Residents in Speke had the final say in how £26,000 of money seized from criminals will be spent in their community.
Merseyside Police has worked with South Liverpool Homes (SLH) and Onward Homes on a pilot programme which is being funded by the Home Office to address issues in areas affected by serious and organised crime.
Speke is one of just five areas in the country chosen to receive the funding, and on Saturday (9 March) 29 groups in the area got the chance to bid for a share of up to £2,000 of the cash by presenting their case to local residents.
The attendees then casted their votes on how the money would most benefit the local community.
The money, seized as cash and ill-gotten gains from criminals under the Proceeds of Crime Act (POCA), is being used to help generate a sustainable environment for the local community by reducing crime and anti-social behaviour.
The programme, locally named as ‘Speke Up’, kick-started with a World Café consultation event, which was attended by more than 70 residents last November.
The consultation gave residents the chance to voice their opinions about community issues and make their own decisions about how best to spend the £26,000 to resolve the issues raised.
Community Inspector Paul Holden: "This is a fantastic idea which is a win-win for all involved. It gives much needed funding to those good people who lead projects in the Speke community and are passionate about improving the area, and it gives the wider community the opportunity to have a say on where exactly they feel that money would be best spent. It has also enabled the groups to network and help each other in all sorts of ways.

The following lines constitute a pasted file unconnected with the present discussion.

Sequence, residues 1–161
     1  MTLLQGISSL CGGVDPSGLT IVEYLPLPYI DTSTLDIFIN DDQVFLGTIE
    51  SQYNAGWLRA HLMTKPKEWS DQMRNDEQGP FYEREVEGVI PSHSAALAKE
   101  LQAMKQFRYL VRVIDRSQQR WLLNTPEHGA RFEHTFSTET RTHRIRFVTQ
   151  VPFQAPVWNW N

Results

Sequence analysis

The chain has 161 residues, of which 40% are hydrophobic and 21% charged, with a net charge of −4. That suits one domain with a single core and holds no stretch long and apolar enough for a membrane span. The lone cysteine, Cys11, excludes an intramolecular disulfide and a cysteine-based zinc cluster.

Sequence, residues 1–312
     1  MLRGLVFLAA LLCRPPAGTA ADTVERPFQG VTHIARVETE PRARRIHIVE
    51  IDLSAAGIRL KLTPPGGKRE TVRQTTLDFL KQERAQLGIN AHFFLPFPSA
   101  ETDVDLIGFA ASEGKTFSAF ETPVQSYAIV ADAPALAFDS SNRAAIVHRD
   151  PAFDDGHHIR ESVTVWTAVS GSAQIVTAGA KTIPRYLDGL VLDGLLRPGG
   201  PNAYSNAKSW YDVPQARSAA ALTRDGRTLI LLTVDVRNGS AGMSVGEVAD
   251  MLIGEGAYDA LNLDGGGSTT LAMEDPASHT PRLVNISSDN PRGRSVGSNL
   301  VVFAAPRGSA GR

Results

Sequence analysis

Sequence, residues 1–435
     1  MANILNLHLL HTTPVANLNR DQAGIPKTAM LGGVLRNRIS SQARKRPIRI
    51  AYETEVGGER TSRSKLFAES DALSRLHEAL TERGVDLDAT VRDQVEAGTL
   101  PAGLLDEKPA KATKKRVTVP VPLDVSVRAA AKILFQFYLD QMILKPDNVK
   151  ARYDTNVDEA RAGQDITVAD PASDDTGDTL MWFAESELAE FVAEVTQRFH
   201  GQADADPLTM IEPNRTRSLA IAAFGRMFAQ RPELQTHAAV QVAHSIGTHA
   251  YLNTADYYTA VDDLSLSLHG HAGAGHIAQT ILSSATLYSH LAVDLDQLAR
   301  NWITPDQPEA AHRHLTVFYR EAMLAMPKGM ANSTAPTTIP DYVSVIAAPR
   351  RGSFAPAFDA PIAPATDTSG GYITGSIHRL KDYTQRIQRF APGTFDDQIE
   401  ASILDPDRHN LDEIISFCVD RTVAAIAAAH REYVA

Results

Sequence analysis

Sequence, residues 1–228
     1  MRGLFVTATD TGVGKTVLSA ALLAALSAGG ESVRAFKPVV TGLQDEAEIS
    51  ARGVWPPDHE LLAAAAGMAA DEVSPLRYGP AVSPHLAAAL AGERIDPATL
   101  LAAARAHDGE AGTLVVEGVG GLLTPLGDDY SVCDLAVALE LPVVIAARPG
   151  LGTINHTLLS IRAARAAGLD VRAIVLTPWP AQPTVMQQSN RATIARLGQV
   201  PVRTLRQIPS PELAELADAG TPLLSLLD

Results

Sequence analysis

“For us as a police force, we have been able to engage with a large number of community groups in Speke with links to people of all ages and backgrounds, which is vital in helping us spread the messages of advice and reassurance around the crimes that people are concerned about.
"It is great that police, via the Home Office, are in a position to support the efforts of these groups and all the more satisfying to think that the money has been taken from those people who cause harm in our communities.”
Julie Marsh, Director of Neighbourhood Management at SLH said: “This is a fantastic opportunity for local residents to directly effect change themselves. All bids must have a connection to preventing, reducing or addressing crime in the area. This programme gives people the opportunity to decide how the money seized from criminal activity is re-invested back into the community.
“Delivering this programme has helped build on the positive relationships between the police, partner agencies and local residents; working together to strengthen community cohesion and create a sustainable environment.”